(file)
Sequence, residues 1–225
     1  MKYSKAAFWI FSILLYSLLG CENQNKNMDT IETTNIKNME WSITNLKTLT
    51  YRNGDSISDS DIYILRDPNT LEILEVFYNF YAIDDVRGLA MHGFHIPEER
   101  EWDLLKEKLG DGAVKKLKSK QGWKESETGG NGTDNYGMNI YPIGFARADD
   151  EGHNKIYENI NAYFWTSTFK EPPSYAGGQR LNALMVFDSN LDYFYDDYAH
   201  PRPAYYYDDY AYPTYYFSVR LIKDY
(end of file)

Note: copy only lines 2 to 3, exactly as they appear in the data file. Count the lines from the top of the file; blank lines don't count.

     1  MKYSKAAFWI FSILLYSLLG CENQNKNMDT IETTNIKNME WSITNLKTLT
    51  YRNGDSISDS DIYILRDPNT LEILEVFYNF YAIDDVRGLA MHGFHIPEER